It’s a similar story with the U.S. Department of Transportation (283 complaints in 2020) and on Apple’s App Store, where the vast majority of the comments over the last COVID-19-addled year are negative, a trend borne out by data from app-tracking site Sensor Tower.

To be sure, few if any companies in the travel industry have been spared the PR disaster resulting from the grounding of 16,000 passenger jets—more than two-thirds of the world’s fleet, according to one estimate. Both WestJet and Air Canada have instituted mass layoffs. “It’s been a challenging time,” said Expedia Group CEO Peter Kern in a February earnings call, noting the “very bad news on case loads across the globe, closures in many countries, restrictions all over the various geographies.” 

Very bad news, indeed. Expedia’s fourth-quarter revenue was down 67 per cent year over year in 2020, resulting in a $412-million net loss. “The only people making money in the travel industry are the limousine services driving passengers from the airport to the quarantine hotels,” John Gradek, the coordinator of McGill University’s aviation-management program, told me. 

Because Hopper is a privately held company, we don’t know the state of its books. Yet in an extensive interview with PhocusWire, Lalonde said the company was doing very well, and he credited Gen Z for this pandemic success, if only because the members of this restive generation are practically the only ones on the move. “They’re the ones that you saw on the beaches, and they’re the ones travelling. And so our audience is naturally more resilient,” Lalonde said.

To the scads of Gen Z types—along with millennials, who Lalonde says are Hopper’s other key demographic—the company has sold what it calls its “bespoke fintech products,” including scalable ticket-cancellation options, missed-connection insurance and a “price-freeze” function that allows users to lock in a ticket price, for a fee. “The real magic is that we make money,” he said in the PhocusWire interview, noting the company had tripled its market share in the U.S. during the pandemic.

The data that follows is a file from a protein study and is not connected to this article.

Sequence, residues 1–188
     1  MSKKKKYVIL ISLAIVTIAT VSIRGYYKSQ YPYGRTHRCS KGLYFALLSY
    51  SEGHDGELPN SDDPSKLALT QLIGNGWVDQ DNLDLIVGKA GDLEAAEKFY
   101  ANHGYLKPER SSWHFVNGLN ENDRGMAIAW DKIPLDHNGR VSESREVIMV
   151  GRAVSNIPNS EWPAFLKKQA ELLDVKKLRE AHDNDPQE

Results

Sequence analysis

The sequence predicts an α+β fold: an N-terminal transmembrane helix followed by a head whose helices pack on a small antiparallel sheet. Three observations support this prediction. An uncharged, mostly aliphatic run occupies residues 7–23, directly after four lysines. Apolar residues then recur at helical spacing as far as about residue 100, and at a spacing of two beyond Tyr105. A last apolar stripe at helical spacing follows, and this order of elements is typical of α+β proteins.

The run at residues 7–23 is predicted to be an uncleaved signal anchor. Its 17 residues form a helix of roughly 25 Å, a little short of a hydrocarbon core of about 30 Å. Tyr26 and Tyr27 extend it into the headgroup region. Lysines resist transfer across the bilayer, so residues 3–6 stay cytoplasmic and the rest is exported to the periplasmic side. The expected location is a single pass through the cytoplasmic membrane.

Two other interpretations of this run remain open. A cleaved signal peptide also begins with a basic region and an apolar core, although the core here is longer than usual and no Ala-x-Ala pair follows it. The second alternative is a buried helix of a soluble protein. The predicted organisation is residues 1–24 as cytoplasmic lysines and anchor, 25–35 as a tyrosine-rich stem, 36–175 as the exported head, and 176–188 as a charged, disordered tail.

Finally, there is Hopper’s impending B2B product that will sell Hopper’s “customer-centric” wares to online travel agencies, airlines and hotels. “We’ve spent, my God, it must be over $100 million now, building this thing,” Lalonde said. 

I had many questions about all of this, not the least of which is how the company expects to continue selling these à la carte extras when, as the cases of Solano and thousands of others show, the company has so much difficulty honouring them. I also wonder about what the deluge of online complaints about Hopper’s service has done to its “customer-centric” reputation.

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And I wanted to know why, given Hopper’s purported pandemic success, the company had availed itself of the Canada Emergency Wage Subsidy. I’d also have liked to ask about the Caisse de dépôt et placement du Québec’s April investment in the company, which came from the public pension fund manager’s $4-billion envelope reserved for “companies that were doing well before the crisis, but whose industries struggled this last year.” And I wanted to ask why Hopper punctuated this funding with significant layoffs, including over 70 employees in the Caisse’s backyard.

So I tried asking. I called the Hopper’s offices in Montreal and Cambridge. I emailed company spokesperson Brianna Schneider. I emailed Lalonde. I emailed them again. No one answered.